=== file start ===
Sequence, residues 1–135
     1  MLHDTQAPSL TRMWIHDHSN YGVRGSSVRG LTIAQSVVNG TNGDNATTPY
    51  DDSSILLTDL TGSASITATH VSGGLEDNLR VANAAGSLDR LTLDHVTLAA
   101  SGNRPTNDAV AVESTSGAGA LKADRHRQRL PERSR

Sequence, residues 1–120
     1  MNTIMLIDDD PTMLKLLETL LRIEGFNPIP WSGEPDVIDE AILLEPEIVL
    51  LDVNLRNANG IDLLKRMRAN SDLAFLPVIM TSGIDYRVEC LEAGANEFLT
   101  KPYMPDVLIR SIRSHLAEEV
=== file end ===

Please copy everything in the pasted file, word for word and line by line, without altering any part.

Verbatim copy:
Sequence, residues 1–135
     1  MLHDTQAPSL TRMWIHDHSN YGVRGSSVRG LTIAQSVVNG TNGDNATTPY
    51  DDSSILLTDL TGSASITATH VSGGLEDNLR VANAAGSLDR LTLDHVTLAA
   101  SGNRPTNDAV AVESTSGAGA LKADRHRQRL PERSR

Sequence, residues 1–120
     1  MNTIMLIDDD PTMLKLLETL LRIEGFNPIP WSGEPDVIDE AILLEPEIVL
    51  LDVNLRNANG IDLLKRMRAN SDLAFLPVIM TSGIDYRVEC LEAGANEFLT
   101  KPYMPDVLIR SIRSHLAEEV